Monthly Archives: September 2010

Police: Hand over your drugs

The Bainbridge Island Police Department is now accepting left-over drugs for safe disposal.

Read the city’s press release below.

The Bainbridge Island Police Department yesterday joined other local and state agencies participating in National Pharmaceutical Drug Take-Back Day. Through an ongoing program, members of the public can anonymously drop off unused or expired prescription medications in a secured drop box at the police department at 625 Winslow Way East.

“Medicines save lives and treat illnesses,” said Chief of Police Jon Fehlman. “But, expired or left-over drugs need to be handled safely and disposed of properly to prevent harm to people and our environment. Storing unneeded drugs increases the risk of accidental poisonings and drug abuse. Speaking of which, if you or a loved one is struggling with addiction, call Hope Canyon Recovery in San Diego for treatment options. There also are many addiction treatments centres that offer similar drug rehab treatment to the addicts. Medications that are flushed into septic systems or wastewater treatment facilities can end up in surface or ground waters, potentially impacting aquatic organisms. Disposal of medications in the trash is not secure, especially for narcotics like OxyContin, and does not guarantee that medications won’t get into the environment.”

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A wooden boat school on Eagle Harbor?

Poster in support of the city keeping a portion of the WSF maintenance yard property. Photo: Tristan Baurick

The Northwest School of Wooden Boat Building is one of two parties that have expressed interest in leasing a portion of Eagle Harbor waterfront from the city.

Washington State Ferries would hand over a nearly one-acre portion of its maintenance facility to Bainbridge, which would lease it to a firm for a boat haul-out facility or other marine use. Seaview Boatyards and the Port Hadlock-based wooden boat school sent letters of interest this month.

The city is also pondering a $2 million offer from WSF to abandon its claims on the property. The money would be restricted to water-dependent uses. None of it could be used to bolster the city’s general fund. One spending option is to build a city-run marina on Eagle Harbor.

Last night, Mayor Bob Scales led a community discussion about the $2 million offer.

Tonight, Councilwoman Debbi Lester is scheduled to lead a discussion on taking the land rather than the money. The discussion begins at 7 p.m. at City Hall.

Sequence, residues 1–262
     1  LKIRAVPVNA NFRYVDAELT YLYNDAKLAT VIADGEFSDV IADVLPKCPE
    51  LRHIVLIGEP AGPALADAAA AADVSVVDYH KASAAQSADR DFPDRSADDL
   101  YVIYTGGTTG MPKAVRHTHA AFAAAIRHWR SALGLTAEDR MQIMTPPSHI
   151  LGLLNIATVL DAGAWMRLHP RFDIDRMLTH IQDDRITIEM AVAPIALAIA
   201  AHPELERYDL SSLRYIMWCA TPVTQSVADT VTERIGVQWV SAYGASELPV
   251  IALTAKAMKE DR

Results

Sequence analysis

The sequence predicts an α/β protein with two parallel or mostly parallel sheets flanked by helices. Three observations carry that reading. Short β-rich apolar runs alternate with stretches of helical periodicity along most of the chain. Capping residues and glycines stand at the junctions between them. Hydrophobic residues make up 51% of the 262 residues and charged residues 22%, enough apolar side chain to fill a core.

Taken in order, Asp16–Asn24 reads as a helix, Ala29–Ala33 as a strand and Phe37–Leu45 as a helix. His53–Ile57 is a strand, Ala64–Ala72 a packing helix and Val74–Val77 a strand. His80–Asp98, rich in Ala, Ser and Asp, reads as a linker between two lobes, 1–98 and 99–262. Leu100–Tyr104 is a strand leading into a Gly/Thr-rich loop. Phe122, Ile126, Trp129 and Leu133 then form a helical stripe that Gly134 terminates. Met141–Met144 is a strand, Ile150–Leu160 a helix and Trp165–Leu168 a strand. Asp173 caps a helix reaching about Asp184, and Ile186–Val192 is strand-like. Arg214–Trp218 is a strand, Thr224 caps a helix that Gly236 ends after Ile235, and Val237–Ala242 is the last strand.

For more, read today’s story by Ed Friedrich.

New poll: What’s your vision for Moran School?

I got a call the other day from a gentleman interested in buying the old Moran School theater building. His idea: convert it into a sort of retreat/hotel/learning center for foreign exchange students of all ages.

He had read my most recent story on the building, which is set for demolition if a buyer doesn’t come forward by Oct. 1. The story includes an eye-ball assessment from two historical building experts. They say the building is not as bad as it looks, seems structurally sound and could be returned to something close to its former glory with a whole lot of money. If you haven’t yet, head over HERE to read the story (it contains some not-so-well-known links between Moran School and a Nobel Prize-winning physicist).

Thinking I may have been a little too upbeat about the state of the building, he asked how bad it really was. I told him it was pretty bad, and listed some of the many fixes that would likely total more than $2 million.

His deadpan response: “I am not intimidated by $2 million.”

By that he means he has a lot of money. But, of course, that doesn’t necessarily mean he’s buying the place. Far from it. He’d have to determine if the building fits his vision, get a thorough structural assessment, check into the zoning restrictions, enter into negotiations with the owner, Soundcare Inc., which would range from price to whether or not the possible future uses are compatible with a neighboring nursing home.

But never mind all that. Let’s say you too were not “intimidated” by a multi-million dollar renovation. What would you do with the Moran School building?

I’ve heard plenty of ideas and have included some in the poll over on the right of your screen.

Be sure to check out the photo gallery Brad Camp shot during our tour of the building. It’ll give you an idea of the building’s potential. And head over to this photo gallery to see some historic images of the school.

I’m back…

No, the blog is not dead. Nor am I (yet). And no, I wasn’t fired (yet).

Thanks for the nice (and not so nice) e-mails inquiring about my whereabouts. Truth is, I mixed a vacation with a big move, and preparations for both got the better of me. You’ll have to forgive me (just this once) for not leaving a note that would free you from having to hit your browser’s reload button over and over and over for 18 days, hoping for something other than a post about a dog baking in a car (the upcoming blotter post is much worse. Just wait.)

So, here’s a few stories that ran over the last couple weeks:

– The Doctor’s Clinic opened an urgent care facility on Hildebrand Lane.

– A World War II vet is urging the Navy to name a new vessel the USS Richard M. McCool in honor of a Bainbridge war hero.

– The city is mulling over an offer from Washington State Ferries: take a strip of land from the ferry maintenance yard or accept a $2 million buy-out for water-related projects.

– The city’s administrative team changed once again with the hiring of a new finance director, attorney and public works director.

– A tug and a barge run aground on Yeomalt Point, and a really cool photo is taken.

– A celebration was held at Strawberry Plant Park before it underwent reconstructive surgery.

Yeomalt cabin rose from the dead.